The Fifth Circuit announced that it will rehear a same-sex harassment case en banc—meaning all the justices will hear the case. The case, EEOC v. Boh Brothers Construction Co., deals with whether a plaintiff can establish gender discrimination based solely on sexual stereotyping. The complainant, Kerry Woods (by and through the EEOC), alleged that he was subjected to harassment by a crew superintendent during his job as an ironworker for Boh Brothers. The superintendent in question, Chuck Wolfe, called Woods names such as “f*****” and “princess.” It was further alleged that Wolfe would approach Woods from behind and simulate sexual intercourse with him while Woods was bent over to perform job duties.
In its original decision, the panel of 5th Circuit justices determined that Wolfe had not harassed Woods based upon “nonconformance to gender stereotypes,” but, rather, the banter and foul humor were simply part of life on a construction crew. The 5th Circuit reviewed the facts and determined that there was insufficient evidence to show that Woods failed to conform to gender stereotypes—a/k/a there was insufficient evidence that he acted feminine. The only evidence, according to the court, was that Woods used Wet Ones instead of toilet paper. Accordingly, the court held that there was insufficient evidence that Wolfe “acted on the basis of gender” in his treatment of Woods.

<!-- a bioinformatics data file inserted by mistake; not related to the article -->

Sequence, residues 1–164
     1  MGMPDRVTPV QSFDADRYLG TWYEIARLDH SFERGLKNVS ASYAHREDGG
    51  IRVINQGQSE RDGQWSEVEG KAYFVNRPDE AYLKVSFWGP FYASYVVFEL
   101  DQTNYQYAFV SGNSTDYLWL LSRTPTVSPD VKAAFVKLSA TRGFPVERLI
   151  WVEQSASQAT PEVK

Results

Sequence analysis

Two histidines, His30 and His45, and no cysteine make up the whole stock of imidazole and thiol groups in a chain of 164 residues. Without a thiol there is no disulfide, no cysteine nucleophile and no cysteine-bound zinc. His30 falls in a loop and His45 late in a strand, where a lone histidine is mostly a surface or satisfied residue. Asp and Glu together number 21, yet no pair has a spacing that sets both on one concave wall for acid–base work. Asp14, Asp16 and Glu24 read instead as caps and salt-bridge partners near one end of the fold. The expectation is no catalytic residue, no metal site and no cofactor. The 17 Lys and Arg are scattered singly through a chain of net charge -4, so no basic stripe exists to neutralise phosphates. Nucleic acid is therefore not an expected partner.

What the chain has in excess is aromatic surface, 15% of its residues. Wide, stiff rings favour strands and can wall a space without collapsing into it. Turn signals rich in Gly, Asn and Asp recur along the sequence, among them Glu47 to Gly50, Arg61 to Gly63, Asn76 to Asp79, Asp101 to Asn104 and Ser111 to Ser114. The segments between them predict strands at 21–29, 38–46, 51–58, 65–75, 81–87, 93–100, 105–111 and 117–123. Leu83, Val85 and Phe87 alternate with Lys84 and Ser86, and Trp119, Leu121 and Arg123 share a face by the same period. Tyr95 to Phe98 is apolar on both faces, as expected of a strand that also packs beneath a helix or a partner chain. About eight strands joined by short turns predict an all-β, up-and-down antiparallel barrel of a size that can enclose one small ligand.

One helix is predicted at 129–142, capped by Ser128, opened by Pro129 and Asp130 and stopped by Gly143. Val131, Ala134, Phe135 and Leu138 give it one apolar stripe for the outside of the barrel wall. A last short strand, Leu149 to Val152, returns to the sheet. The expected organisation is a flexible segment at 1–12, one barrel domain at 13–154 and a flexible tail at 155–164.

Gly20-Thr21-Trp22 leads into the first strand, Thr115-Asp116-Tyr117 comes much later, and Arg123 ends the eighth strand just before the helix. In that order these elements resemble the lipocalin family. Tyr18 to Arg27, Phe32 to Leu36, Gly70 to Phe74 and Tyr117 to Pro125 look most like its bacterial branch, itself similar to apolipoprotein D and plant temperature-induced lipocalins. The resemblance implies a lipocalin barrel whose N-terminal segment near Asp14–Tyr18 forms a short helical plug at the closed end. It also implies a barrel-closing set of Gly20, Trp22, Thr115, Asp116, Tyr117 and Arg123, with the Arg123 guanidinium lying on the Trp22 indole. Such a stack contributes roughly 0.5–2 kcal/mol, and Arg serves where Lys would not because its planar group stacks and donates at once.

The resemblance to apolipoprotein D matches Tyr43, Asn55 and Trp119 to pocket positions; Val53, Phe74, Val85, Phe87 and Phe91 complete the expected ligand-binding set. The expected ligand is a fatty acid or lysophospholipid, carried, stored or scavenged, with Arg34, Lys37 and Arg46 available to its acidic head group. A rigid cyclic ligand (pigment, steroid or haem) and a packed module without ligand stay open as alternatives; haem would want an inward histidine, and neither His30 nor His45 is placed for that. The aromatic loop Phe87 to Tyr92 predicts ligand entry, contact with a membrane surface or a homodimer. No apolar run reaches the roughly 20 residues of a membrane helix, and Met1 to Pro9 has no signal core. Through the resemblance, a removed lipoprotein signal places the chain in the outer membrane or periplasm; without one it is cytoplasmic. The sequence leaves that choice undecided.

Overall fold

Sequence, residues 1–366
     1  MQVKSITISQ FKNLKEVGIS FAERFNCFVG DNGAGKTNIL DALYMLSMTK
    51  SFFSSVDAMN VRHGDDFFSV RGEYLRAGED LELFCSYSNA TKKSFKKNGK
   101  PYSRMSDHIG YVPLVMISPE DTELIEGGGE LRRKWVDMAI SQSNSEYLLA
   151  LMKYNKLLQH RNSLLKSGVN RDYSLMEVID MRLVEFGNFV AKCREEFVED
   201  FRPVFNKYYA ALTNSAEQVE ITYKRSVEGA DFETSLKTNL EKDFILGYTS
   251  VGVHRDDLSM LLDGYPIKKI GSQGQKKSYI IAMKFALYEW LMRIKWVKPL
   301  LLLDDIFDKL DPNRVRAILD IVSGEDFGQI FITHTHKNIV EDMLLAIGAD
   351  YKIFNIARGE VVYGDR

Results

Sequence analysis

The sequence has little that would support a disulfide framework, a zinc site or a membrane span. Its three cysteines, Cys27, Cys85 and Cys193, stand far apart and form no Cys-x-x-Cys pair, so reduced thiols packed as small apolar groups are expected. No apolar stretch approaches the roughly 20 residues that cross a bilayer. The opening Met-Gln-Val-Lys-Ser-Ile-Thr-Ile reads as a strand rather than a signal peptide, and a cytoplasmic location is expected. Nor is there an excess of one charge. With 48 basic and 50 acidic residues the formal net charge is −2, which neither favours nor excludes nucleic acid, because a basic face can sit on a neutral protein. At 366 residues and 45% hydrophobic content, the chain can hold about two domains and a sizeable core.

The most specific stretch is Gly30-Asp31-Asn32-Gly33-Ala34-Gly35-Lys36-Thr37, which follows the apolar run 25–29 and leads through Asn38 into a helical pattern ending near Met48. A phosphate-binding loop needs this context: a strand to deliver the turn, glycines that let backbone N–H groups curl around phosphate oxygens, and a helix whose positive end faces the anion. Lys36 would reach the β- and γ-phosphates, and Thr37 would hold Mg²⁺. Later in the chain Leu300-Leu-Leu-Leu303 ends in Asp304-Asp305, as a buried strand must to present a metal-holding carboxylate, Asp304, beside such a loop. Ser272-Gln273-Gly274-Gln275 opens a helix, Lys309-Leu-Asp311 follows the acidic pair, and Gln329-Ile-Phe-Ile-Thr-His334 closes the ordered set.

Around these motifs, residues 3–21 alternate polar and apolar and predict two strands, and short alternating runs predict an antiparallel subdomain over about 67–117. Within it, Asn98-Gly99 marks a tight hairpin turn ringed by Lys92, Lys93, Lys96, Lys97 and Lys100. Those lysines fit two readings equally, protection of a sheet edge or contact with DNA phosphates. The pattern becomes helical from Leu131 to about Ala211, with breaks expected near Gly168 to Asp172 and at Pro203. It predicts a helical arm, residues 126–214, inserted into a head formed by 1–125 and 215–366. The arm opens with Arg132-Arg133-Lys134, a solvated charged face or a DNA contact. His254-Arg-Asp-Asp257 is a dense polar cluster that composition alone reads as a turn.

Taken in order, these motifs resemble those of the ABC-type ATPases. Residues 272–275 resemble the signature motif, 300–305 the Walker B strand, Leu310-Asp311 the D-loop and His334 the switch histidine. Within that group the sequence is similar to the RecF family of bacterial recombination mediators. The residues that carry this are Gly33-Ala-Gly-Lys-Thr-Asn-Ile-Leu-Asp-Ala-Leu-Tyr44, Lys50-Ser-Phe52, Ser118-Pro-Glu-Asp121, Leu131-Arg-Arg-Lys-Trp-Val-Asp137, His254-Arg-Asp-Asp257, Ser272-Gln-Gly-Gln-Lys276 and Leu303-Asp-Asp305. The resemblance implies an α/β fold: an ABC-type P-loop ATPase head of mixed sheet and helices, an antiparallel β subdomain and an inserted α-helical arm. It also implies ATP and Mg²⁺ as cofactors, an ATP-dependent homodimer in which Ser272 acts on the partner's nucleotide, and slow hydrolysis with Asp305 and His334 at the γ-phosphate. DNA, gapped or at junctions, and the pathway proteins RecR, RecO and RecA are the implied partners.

Now that the 5th Circuit has agreed to revisit the decision en banc, the court will again evaluate when “sexual stereotyping” can provide an actionable claim under Title VII. This “sexual stereotyping” theory stems from the Supreme Court’s decision in Price Waterhouse v. Hopkins, 490 U.S. 228 (1989), in which a female plaintiff succeeded in arguing that she had been discriminated against because she failed to conform to female gender stereotypes. At the rehearing, Woods must point to sufficient evidence to show that Wolfe’s actions were focused on him because he did not conform to male stereotypes.
This case could have important implications for gender discrimination cases in the 5th Circuit’s geographical area (which includes Texas). The EEOC has shown that it intends to fight on behalf of homosexuals, transsexuals, and others who fail to conform to gender stereotypes. This case will likely provide some information on the limits of the EEOC’s power in this regard.
This column is published for informational purposes only. It should not be construed as legal advice and is not intended to create an attorney client relationship. The views expressed are those of the author and do not necessarily reflect the views of the author’s law firm or its individual partners.